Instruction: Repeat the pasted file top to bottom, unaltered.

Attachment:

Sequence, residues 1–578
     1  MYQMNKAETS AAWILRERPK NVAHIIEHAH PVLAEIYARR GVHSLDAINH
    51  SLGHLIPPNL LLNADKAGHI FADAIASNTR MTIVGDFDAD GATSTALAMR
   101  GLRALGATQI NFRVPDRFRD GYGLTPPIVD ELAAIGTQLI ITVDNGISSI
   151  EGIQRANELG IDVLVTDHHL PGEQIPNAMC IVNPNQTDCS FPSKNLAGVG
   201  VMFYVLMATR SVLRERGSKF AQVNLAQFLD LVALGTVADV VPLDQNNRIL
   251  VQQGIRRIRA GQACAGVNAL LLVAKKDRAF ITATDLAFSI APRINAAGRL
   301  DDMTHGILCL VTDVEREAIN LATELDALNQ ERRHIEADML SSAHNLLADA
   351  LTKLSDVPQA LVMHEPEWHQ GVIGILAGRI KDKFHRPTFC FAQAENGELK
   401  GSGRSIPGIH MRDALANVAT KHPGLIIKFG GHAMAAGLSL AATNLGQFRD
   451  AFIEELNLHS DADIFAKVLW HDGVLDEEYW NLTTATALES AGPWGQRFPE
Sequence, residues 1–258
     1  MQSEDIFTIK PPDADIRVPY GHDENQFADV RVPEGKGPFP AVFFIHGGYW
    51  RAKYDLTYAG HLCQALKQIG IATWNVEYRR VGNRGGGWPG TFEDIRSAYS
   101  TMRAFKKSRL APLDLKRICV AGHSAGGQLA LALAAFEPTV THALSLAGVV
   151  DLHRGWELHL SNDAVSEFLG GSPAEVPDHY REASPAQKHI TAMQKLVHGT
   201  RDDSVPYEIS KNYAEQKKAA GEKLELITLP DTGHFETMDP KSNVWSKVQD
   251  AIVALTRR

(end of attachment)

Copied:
Sequence, residues 1–578
     1  MYQMNKAETS AAWILRERPK NVAHIIEHAH PVLAEIYARR GVHSLDAINH
    51  SLGHLIPPNL LLNADKAGHI FADAIASNTR MTIVGDFDAD GATSTALAMR
   101  GLRALGATQI NFRVPDRFRD GYGLTPPIVD ELAAIGTQLI ITVDNGISSI
   151  EGIQRANELG IDVLVTDHHL PGEQIPNAMC IVNPNQTDCS FPSKNLAGVG
   201  VMFYVLMATR SVLRERGSKF AQVNLAQFLD LVALGTVADV VPLDQNNRIL
   251  VQQGIRRIRA GQACAGVNAL LLVAKKDRAF ITATDLAFSI APRINAAGRL
   301  DDMTHGILCL VTDVEREAIN LATELDALNQ ERRHIEADML SSAHNLLADA
   351  LTKLSDVPQA LVMHEPEWHQ GVIGILAGRI KDKFHRPTFC FAQAENGELK
   401  GSGRSIPGIH MRDALANVAT KHPGLIIKFG GHAMAAGLSL AATNLGQFRD
   451  AFIEELNLHS DADIFAKVLW HDGVLDEEYW NLTTATALES AGPWGQRFPE
Sequence, residues 1–258
     1  MQSEDIFTIK PPDADIRVPY GHDENQFADV RVPEGKGPFP AVFFIHGGYW
    51  RAKYDLTYAG HLCQALKQIG IATWNVEYRR VGNRGGGWPG TFEDIRSAYS
   101  TMRAFKKSRL APLDLKRICV AGHSAGGQLA LALAAFEPTV THALSLAGVV
   151  DLHRGWELHL SNDAVSEFLG GSPAEVPDHY REASPAQKHI TAMQKLVHGT
   201  RDDSVPYEIS KNYAEQKKAA GEKLELITLP DTGHFETMDP KSNVWSKVQD
   251  AIVALTRR